One of the most important features of the SER is its ability to detect incident ultrasonic waves. This is made possible through a microphone amplification/filtration circuit, and a software module designed to average and threshold the microphone signal via the MCU’s ADC channel . This averaged signal is then used for computing distance and perturbation predictions. The microphone circuit amplifies the microphone input enough to pick up on faint echo signals, while ensuring that noise doesn’t degrade the signal. Because the analog voltage inputted into the MCU cannot exceed 3.3V, we clipped the input signal with a diode and a resistor.
The raw microphone input is fed into the positive terminal of an op amp. Furthermore, the input voltage is biased at 1.65V (via a voltage divider), since the MCU can only handle positive voltages. Note that the circuit rolls off to unity gain at DC, to avoid saturating the amplified signal. The op amp is in closed-loop mode by having a 100kΩ resistor between the input and output.
The second stage of the amplifier has the output of the first op amp fed into the positive terminal of the second op amp. The second op amp is also in closed-loop mode with a 1MΩ resistor straddling the negative terminal and output. Unity gain at DC is also achieved for the second op amp to avoid signal saturation.
To cut down on current draw through the snubber diode , there’s a 1kΩ resistor after the dual stage amplifier. Afterward, the signal is connected to a diode with its negative terminal connected to the 3.3V rail line, to ensure that no voltage above 3.3V enters the MCU. To further reduce current draw into the ADC at high voltage, the signal passes through 1,300Ω of impedance before entering the MCU ADC input.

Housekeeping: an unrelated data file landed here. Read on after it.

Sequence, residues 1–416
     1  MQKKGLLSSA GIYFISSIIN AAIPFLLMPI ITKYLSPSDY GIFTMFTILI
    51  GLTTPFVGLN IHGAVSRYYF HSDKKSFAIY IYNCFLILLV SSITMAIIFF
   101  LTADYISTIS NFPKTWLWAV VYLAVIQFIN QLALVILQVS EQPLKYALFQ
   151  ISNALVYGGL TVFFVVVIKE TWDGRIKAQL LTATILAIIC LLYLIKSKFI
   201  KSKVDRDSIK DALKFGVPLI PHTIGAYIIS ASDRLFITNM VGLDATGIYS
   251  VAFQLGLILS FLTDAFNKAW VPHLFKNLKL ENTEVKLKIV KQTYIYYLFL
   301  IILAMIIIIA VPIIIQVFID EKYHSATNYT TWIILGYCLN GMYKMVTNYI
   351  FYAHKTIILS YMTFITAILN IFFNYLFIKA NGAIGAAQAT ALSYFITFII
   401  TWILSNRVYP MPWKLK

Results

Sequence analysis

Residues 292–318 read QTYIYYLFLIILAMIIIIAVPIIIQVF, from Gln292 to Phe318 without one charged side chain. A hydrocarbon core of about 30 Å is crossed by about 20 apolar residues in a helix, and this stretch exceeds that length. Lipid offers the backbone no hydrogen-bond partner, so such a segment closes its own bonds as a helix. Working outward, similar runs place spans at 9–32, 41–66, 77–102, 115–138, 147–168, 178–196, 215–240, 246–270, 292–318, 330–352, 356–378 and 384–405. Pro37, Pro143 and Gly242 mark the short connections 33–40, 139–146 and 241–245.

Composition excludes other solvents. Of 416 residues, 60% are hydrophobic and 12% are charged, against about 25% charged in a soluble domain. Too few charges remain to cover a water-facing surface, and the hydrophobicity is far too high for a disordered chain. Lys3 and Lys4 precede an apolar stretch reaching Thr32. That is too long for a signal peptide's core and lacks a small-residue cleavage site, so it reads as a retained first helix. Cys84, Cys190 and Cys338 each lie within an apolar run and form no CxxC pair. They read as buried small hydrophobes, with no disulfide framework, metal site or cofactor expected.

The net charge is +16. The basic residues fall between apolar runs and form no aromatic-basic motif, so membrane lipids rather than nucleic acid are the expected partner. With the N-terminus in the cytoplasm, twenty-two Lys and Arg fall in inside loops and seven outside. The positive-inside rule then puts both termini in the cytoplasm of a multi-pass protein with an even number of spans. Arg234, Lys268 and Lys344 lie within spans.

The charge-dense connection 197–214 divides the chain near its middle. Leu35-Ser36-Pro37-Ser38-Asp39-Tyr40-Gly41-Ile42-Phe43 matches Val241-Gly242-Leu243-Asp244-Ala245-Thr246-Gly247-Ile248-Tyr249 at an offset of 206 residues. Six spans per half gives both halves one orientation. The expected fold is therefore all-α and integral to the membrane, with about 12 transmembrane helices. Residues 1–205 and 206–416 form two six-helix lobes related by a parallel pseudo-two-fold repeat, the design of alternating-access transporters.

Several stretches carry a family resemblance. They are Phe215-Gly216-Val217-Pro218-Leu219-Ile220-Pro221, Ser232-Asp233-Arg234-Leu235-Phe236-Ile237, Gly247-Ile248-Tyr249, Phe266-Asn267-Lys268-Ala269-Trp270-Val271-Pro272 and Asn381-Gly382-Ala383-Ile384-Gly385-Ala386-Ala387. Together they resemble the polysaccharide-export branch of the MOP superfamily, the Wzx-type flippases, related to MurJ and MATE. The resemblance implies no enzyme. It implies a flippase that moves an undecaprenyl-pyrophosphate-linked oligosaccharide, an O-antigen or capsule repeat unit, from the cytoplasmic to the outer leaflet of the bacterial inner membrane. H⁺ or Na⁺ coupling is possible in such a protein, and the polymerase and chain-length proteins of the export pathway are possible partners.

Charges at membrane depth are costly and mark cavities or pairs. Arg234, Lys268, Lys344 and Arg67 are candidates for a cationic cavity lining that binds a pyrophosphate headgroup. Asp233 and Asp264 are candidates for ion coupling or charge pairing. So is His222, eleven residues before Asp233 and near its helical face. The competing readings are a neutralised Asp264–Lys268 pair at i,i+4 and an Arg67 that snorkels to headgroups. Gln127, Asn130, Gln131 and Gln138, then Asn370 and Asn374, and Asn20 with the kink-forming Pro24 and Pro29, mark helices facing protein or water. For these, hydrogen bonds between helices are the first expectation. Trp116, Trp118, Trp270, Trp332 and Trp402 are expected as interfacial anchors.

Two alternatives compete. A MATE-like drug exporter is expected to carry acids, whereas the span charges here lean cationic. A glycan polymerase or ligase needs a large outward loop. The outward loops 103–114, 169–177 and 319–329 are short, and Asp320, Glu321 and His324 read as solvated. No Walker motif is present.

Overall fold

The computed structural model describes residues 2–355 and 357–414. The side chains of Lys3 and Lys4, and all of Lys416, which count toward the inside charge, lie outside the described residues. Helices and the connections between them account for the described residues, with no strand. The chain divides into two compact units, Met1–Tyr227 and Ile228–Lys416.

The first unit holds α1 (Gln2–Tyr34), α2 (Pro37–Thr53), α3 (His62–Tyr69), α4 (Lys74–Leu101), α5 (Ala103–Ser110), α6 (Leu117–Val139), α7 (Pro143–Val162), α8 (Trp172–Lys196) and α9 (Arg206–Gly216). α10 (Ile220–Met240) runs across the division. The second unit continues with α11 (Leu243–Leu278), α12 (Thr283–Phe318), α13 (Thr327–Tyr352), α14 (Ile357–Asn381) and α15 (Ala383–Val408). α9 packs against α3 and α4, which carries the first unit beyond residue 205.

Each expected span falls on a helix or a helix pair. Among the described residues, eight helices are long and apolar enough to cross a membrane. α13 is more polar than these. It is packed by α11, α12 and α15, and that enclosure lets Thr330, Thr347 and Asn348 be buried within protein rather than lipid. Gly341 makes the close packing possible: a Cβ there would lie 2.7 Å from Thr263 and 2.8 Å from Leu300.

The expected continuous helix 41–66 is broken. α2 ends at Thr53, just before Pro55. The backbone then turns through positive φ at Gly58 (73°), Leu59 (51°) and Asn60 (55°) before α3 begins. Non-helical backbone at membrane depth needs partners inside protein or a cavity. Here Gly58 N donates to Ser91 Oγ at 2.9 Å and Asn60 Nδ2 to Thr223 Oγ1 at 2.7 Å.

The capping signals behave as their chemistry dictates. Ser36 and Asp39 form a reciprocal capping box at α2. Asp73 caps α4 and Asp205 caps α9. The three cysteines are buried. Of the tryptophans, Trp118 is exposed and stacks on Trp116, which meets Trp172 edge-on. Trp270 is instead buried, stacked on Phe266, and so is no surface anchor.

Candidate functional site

To read echo data coming from the microphones, we used the ADC hardware on the PIC32, which allows us to multiplex different ADC input signals from a readable buffer. To calculate distance measurements, the SER calculates the time at which the microphone voltage exceeds a certain threshold after the speaker begins emitting sound. Once the speakers are turned on (after they have been turned off for 15ms), the SER repeatedly probes all three ADC channels corresponding to the three microphone inputs, until the timer we used has reached capacity (which occurs after about 13.7ms, corresponding to a distance of about 3m), or the SER has detected that all three microphone inputs have exceeded the necessary voltage threshold for an echo.
To improve accuracy and determine if a threshold has been reached, the system performs five-sample windowed averages of the ADC samples for each microphone. Furthermore, the averaged ADC sample for each microphone must exceed the threshold value several times before the system registers that an echo was received. In addition, the system averages the value of the echo cycle time for each microphone over several pulse cycles (Figure 4). All these steps are taken to reduce noise in the calculations that would adversely affect the AR system. The averaged echo times are stored in a global variable to be used by another thread responsible for processing the echo cycle times.
To calculate object distances, the system converts the averaged echo cycle times for the three microphones into meters, by directly converting the echo cycle times into seconds. This is done by multiplying the echo cycle time by 8 (timer has a prescaler of 8), and then dividing this value by 40 million (since the clock frequency is 40MHz). We then multiply the traversal time in seconds by 343m/s—the speed of sound in air—to get a distance measurement. To improve the precision of our distances, we average the echo distances of all three microphones and subtract twice the length of the transducer holder. This corrects the traversal distance, so that it doesn’t account for the length of the transducer holders. The object separation distance between an object and the center speaker is defined using the equation: